Toyota Verso first drive

Toyota VersoIn today’s competitive new car market more new models sell more new cars – fact. Keeping a brand’s range of models refreshed and updated is of paramount importance to meet the demands of today’s ‘must-have the latest model’ image conscious customers.


Toyota GB are currently part way through launching four core new ranges, the British built Auris family hatchback, the Verso mid-sized MPV, the RAV4 SUV/4×4 and the Auris Touring Sports estate. The world’s largest car manufacturer is on a product offensive but the latest component re-call issues, albeit older models, do the brand no favours and ultimately it will harm their high customer loyalty rating even with their product’s five year warranty.

The new Verso five-door, five or seven seat mid-sized MPV range, which has recently gone on sale, is available in an eight version line-up with prices starting from £17,500. The new Verso should not be confused with the Verso-S, a five seat mini MPV based on Toyota’s Yaris ‘supermini’ with prices from £15,145.

The new mainstream Verso, expected to sell over 3,300 units in the UK in the remainder of this year, has a five seat entry level model with a 1.6-litre 130bhp petrol engine and manual gearbox. Other variants are all seven seat models with the choice of 1.6-litre 130bhp petrol manual or a 1.8-litre 145bhp petrol unit with a Multidrive automatic transmission, engine options. By far the best selling engine choice will be the much revised 2.0-litre D4-D 125bhp turbodiesel unit, but this is only available with a 6-speed manual gearbox.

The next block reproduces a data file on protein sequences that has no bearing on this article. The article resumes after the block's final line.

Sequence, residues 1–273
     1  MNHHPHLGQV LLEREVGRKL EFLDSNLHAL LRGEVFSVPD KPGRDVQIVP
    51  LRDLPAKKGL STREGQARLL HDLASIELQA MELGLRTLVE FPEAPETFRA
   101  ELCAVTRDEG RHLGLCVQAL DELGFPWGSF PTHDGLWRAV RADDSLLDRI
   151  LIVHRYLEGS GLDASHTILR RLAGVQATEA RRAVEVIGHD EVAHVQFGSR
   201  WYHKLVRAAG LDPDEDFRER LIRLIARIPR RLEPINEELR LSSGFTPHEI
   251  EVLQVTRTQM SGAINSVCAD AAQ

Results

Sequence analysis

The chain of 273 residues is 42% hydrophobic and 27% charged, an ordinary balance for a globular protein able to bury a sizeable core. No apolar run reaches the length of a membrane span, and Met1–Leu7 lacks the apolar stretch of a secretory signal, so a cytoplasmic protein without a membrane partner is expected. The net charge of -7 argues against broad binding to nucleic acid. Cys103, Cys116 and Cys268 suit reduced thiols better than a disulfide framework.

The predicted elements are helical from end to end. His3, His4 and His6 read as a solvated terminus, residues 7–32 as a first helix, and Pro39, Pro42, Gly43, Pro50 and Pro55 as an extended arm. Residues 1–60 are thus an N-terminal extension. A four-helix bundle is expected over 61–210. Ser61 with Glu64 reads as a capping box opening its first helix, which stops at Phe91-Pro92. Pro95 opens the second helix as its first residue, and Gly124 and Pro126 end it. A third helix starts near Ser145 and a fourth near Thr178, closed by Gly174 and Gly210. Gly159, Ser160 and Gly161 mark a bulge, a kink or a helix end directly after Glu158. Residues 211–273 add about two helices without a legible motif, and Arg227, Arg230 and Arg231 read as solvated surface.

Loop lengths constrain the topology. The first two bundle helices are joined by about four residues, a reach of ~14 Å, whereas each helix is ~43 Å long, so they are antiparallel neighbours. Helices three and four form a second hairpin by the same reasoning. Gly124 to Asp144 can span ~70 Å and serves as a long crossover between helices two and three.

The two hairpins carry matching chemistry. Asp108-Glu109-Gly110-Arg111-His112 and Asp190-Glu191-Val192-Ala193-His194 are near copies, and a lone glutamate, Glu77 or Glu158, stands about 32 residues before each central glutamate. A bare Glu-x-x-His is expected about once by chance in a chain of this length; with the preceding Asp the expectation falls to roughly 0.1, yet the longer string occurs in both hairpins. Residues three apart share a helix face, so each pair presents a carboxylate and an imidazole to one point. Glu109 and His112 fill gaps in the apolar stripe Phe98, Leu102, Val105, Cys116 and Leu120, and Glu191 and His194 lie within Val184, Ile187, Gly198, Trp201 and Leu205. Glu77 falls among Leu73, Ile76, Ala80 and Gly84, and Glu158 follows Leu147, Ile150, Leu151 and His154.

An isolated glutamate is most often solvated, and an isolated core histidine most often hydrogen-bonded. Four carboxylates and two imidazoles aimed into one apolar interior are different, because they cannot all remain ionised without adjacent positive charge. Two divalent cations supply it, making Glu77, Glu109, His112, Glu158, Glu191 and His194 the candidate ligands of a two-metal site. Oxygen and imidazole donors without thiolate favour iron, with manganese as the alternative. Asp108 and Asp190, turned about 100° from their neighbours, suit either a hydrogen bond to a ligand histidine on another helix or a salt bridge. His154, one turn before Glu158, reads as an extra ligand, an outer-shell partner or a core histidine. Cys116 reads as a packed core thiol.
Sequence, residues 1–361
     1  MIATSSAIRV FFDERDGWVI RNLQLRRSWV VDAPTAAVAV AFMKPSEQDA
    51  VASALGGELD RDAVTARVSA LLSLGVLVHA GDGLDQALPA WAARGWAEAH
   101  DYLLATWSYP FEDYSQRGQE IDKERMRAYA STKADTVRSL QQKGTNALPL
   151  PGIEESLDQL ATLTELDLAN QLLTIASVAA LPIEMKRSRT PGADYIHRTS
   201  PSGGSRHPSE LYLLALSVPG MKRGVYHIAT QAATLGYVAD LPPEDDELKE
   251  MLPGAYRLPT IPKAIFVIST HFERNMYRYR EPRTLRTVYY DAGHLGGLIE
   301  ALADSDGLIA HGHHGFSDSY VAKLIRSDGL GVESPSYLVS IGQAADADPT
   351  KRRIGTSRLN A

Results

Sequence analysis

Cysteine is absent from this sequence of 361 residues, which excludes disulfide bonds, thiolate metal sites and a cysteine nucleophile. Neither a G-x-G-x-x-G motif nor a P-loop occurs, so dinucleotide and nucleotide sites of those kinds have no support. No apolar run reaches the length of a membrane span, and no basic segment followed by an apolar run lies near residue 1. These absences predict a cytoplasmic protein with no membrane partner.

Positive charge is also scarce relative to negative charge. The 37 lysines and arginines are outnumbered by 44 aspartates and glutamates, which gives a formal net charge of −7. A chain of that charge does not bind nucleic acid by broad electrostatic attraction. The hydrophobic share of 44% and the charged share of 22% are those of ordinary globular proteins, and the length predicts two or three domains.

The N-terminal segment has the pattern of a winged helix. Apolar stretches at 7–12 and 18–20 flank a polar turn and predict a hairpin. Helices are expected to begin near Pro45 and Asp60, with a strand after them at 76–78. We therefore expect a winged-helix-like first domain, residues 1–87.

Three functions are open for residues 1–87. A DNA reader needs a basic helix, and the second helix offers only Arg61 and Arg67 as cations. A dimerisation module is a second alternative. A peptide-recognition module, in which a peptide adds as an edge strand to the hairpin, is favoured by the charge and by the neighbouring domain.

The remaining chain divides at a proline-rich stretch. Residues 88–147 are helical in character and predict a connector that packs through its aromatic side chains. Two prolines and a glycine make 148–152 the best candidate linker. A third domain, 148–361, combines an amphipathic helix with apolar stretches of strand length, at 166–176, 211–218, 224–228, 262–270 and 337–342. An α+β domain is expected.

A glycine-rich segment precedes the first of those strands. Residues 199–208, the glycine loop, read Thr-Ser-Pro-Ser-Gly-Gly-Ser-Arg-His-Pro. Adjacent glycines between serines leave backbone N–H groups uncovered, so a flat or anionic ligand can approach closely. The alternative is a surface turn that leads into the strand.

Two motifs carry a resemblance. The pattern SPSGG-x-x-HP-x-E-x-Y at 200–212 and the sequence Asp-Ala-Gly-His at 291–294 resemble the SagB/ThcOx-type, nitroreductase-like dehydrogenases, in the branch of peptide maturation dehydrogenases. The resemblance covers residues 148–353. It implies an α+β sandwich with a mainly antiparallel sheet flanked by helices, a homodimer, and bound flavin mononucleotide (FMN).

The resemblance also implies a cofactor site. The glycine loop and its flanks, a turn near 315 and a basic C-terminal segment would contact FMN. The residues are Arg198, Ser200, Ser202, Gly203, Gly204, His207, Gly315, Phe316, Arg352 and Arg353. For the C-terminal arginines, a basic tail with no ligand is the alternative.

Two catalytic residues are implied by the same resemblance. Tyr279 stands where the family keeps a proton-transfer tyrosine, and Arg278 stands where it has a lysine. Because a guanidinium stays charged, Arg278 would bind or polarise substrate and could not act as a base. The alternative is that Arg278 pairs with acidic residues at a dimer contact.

The new range does away with the previous ‘T’ grade system and now adopts the European Active, Icon and Excel levels of trim and equipment. The main selling Icon level gains DAB digital radio, cruise control, Bluetooth, rear privacy glass, retractable door mirrors and importantly a rear view camera to aid parking. Of course air conditioning, electrically operated windows and door mirrors, on board computer and comprehensive passenger safety equipment are standard fit anyway. Unfortunately a spare wheel is not so the driver only gets a less than ideal inflation kit.

Toyota VersoSeven seat versions all have Toyota’s Easy Flat rear seat folding system with three individual seats making up the middle row and two small individual seats with very limited legroom at the rear. The middle row of seats slide, fold and recline individually and the two rear seats fold out of the boot floor. There are under-floor storage boxes, a chilled upper glovebox and aircraft style folding seat-back trays, all in keeping with its ‘family mover’ role in life.

For five people the new Verso is exceptionally roomy and for just two people up-front the interior load space is enormous with 1,696-litres of carrying room with a totally flat load floor and a low loading height. This is ideal for transporting the family dog, carrying sports equipment and the transportation needs of the less mobile that need to carry with them walking aids or wheelchairs. The Verso also will meet the needs of business users, workhorse during the week and roomy family transport at weekends. With the front and middle row of seats in use, the most likely configuration, there is still 440-litres of space, ideal for family holidays and the private hire passenger carrying business. With all three rows of seats in use the boot offers only 155-litres of load space, enough for a few soft bags or shopping. Seating and load carrying versatility is one of the new Verso’s major selling points.